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Pacemaker battery scandal - Maximising battery longevity in cardiac implantable electronic devices

Paula Atienza discusses the recent Pacemaker battery scandal  

Posted on 16 February 2016

A recent article in the British Medical Journal (BMJ)  has raised concerns over battery longevity in cardiac implantable electronic devices. It appears to suggest a link between the profits of manufacturers, implanting physicians and their institutions to the lack of longer lasting batteries in life-saving devices.

Cardiac implantable electronic devices are implanted into patients in order to monitor the heart’s rhythm. There are different types of devices depending on patient needs. A pacemaker is a small device that is placed inside someone’s chest in order to help the heart beat at the correct speed. Another device is an implantable cardioverter defibrillator (ICD), which delivers electrical shocks to restore a normal heart rhythm when necessary.

Battery Replacement
A battery powered pulse generator in these devices produces the electrical discharges necessary to monitor the heart’s rhythm. Studies have shown that over half the patients with pacemakers will require a replacement procedure due to the batteries having reached their expected life, with some patients necessitating multiple replacements. ICDs batteries tend to have a shorter life than those found in pacemakers.

As with any procedure, complications can occur and with each battery replacement there is an increased risk of life threatening infection. The article advocates for a prudent use of currently available devices along with development in battery longevity technology.

Delaying Battery Replacement
Increasingly, cardiac implantable electronic devices are being closely controlled through home monitoring devices which, the authors suggest, could be used as a tool to appropriately delay battery replacement. The article submits that pacemakers continue to be replaced while the battery has not yet depleted. This early replacement is understandable when it comes to high risk patients who depend on their device for lifesaving treatment. However, the authors suggest that a delay in battery replacement in lower risk patients, basically until the batteries are close to being depleted, could be appropriate.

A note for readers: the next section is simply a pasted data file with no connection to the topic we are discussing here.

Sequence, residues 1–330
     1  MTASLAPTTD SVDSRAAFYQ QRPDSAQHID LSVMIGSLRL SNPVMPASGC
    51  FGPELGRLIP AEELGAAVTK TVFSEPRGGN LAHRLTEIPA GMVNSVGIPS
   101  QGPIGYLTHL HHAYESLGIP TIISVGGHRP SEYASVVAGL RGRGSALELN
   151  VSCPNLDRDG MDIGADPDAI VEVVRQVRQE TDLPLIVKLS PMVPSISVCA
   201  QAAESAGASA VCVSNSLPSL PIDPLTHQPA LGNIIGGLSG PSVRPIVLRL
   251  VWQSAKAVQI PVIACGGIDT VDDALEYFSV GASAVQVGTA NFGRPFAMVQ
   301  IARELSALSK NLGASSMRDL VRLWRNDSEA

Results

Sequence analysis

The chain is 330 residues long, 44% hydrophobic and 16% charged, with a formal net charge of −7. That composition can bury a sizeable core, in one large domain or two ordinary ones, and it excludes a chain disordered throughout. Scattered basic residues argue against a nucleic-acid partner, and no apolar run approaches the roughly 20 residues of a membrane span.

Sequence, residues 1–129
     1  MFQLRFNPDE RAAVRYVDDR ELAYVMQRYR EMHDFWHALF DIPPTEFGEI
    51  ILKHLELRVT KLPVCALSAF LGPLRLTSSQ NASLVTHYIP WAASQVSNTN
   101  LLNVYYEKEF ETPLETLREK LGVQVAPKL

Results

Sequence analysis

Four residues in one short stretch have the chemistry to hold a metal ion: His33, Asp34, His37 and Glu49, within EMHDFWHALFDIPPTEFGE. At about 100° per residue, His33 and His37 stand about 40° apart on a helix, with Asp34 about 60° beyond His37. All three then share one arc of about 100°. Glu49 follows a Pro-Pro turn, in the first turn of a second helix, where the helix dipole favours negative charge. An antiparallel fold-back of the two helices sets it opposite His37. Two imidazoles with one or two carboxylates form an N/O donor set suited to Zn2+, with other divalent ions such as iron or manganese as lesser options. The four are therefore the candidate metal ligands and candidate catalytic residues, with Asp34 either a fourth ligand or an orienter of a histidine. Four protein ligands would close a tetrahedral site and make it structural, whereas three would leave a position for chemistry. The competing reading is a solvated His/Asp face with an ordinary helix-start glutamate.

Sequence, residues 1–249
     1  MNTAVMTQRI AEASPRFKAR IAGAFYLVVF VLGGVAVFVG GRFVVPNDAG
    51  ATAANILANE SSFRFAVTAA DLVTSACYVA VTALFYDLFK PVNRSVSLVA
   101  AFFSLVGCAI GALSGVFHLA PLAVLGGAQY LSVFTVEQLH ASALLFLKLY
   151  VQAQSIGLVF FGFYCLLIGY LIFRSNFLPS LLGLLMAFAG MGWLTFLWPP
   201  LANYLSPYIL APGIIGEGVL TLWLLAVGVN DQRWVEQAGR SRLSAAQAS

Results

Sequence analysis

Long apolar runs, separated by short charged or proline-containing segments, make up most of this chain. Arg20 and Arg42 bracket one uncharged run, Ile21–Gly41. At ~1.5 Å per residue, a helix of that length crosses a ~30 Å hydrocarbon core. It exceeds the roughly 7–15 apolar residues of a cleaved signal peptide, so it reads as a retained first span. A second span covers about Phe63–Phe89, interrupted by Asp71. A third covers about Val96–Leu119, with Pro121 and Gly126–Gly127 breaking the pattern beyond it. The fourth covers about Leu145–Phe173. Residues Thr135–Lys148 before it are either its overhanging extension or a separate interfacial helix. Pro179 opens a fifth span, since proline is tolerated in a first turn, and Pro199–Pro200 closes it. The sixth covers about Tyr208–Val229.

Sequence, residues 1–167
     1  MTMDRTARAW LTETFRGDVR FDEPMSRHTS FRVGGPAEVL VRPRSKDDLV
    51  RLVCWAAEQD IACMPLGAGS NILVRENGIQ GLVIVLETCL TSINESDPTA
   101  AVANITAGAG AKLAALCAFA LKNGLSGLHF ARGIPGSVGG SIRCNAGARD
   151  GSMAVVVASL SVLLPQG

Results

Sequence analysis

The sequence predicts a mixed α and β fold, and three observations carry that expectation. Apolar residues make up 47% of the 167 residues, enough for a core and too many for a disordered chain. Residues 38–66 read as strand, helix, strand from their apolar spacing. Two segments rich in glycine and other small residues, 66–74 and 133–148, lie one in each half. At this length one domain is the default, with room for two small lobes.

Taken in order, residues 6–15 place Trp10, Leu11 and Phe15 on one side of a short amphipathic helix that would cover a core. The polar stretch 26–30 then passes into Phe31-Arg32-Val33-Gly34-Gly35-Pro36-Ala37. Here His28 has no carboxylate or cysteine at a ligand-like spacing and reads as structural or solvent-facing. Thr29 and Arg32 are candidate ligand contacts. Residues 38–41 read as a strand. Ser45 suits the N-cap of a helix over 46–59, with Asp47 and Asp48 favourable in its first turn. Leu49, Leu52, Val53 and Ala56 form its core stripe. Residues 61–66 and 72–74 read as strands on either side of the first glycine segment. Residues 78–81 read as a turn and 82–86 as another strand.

The need to delay battery replacement becomes even more apparent in ICDs, where devices costing up to £25,000, which could last a further six years, are being prematurely replaced.

The authors provide some suggestions for delaying battery replacement surgery as much as possible.

Increasing Device Size
  • A study by the cardiology division at the Department of Medicine at the Albert Einstein College of Medicine in New York concluded that “the vast majority of patients prefer a larger device to reduce the number of potential replacement operations”. Patients must be offered a choice as to whether they would prefer a smaller device or a larger device with a longer lasting battery.  
Smart Programming
  • Closely monitoring patients through smart programming in order to decide whether it could be more beneficial to allow the battery to deplete further before replacement, and in some cases possibly concluding that device replacement might not be the best option.
Investing in Rechargeable Technology and Energy Harvesting
  • Investment into longer lasting batteries alongside aiming to make devices smaller appears key in reducing the need for battery replacement surgery.
What appears crucial is that patients must be allowed to voice their opinion in a debate which, for the time being, appears to be governed by the financial incentives of manufacturers, physicians and medical institutions, which might not always have the patients best interest at heart.